The Mind Alter is a work of science fiction.
In intelligence circles the Russian use of subliminal messaging to brainwash individuals and even masses via video was widely known. Edward, a CIA spy so deeply embedded in Russia that there were days he forgot he was American, watched the results firsthand. He observed common people viewing what they perceived to be a short film with latent messaging. Some minds caved more easily. Some not at all. For the ones who caved, after the viewing, their thoughts were those of someone else. Their words verbatim lyrics of obsession and paranoia.
“It’s powerful,” Edward reported. “But people must be initially susceptible. Lower IQ. Vulnerable to obsessive tendencies. It would never work back home.”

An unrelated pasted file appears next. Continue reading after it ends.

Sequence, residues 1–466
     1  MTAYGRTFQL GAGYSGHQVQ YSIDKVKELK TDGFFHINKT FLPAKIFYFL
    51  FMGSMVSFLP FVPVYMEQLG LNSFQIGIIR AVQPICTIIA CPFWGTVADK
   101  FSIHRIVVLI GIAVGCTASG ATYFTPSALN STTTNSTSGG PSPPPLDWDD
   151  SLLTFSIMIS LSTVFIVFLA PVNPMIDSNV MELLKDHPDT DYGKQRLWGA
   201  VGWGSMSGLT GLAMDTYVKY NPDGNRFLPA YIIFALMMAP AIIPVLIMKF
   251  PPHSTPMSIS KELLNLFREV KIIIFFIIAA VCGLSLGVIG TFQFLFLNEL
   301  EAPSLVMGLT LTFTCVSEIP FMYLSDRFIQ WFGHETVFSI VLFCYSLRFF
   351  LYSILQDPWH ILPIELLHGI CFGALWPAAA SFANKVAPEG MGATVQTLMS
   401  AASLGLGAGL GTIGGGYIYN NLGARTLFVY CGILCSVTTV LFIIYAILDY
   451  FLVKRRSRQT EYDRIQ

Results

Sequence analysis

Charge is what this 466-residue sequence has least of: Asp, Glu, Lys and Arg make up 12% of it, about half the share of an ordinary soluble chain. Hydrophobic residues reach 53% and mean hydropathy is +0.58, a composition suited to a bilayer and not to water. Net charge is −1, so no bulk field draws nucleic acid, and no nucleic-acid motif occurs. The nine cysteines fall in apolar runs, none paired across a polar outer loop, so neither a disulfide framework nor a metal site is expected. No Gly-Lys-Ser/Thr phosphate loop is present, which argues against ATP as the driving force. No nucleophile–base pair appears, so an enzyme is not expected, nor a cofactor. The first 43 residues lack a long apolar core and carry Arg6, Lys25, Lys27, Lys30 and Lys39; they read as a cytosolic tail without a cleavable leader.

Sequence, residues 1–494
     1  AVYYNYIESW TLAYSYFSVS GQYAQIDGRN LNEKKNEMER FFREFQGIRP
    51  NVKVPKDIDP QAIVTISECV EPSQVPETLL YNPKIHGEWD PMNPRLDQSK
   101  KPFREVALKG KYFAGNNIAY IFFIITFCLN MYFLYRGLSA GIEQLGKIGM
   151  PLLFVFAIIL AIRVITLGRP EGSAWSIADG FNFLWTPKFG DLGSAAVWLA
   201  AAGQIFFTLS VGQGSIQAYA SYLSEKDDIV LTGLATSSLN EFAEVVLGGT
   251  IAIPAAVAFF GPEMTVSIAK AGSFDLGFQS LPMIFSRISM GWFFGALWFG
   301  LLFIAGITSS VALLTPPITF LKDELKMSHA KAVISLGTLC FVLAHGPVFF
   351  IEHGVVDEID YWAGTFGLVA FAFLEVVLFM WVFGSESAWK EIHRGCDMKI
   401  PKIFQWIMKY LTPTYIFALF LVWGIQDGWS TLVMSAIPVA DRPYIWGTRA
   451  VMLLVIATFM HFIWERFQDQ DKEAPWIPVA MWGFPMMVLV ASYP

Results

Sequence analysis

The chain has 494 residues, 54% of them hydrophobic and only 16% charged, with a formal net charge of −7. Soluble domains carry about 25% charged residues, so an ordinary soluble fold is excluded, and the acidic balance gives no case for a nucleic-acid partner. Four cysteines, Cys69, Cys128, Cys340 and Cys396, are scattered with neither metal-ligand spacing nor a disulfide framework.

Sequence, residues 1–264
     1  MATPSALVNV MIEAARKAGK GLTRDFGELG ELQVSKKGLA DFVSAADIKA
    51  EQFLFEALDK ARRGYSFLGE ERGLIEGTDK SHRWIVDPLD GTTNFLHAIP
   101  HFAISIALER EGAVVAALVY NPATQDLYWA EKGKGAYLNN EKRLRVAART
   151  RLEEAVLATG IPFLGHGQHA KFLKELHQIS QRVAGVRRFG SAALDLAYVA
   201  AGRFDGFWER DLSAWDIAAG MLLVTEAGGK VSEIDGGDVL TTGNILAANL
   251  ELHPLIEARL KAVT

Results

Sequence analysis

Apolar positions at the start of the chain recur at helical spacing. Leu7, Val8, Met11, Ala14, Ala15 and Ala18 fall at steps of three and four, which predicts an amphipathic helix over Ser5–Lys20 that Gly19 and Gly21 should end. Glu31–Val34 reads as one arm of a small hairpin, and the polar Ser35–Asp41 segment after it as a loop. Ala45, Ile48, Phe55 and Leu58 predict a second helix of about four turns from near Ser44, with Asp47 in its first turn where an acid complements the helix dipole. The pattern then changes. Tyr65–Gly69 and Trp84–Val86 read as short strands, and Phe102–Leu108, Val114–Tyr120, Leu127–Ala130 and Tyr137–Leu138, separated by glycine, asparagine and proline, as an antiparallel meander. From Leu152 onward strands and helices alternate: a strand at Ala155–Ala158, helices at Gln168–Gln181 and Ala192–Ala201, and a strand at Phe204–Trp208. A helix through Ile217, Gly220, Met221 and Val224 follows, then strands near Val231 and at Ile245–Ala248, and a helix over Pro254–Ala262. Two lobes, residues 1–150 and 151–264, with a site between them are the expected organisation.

When Edward learned the newly elected US President traded favors for the mind-altering technology, he felt the slightest twinge of doubt. The new guy was a loose cannon, a megalomaniac with a lot of ambition but little real-world capability. What Edward hadn’t counted on was continued Russian involvement. The ventriloquist with the dummy.
The frigid Moscow winter sent Edward searching for warmth and sanity, which he found on a beach in Aruba next to witty Argentinian, Maria, who was glued to her phone as often as to him.
“These Americans, so funny,” she said. “A pizza restaurant is the devil, and they believe. Perhaps because they sell veggie pizza.”
And suddenly that warm sand cushioning his feet felt more like a sinkhole to Edward.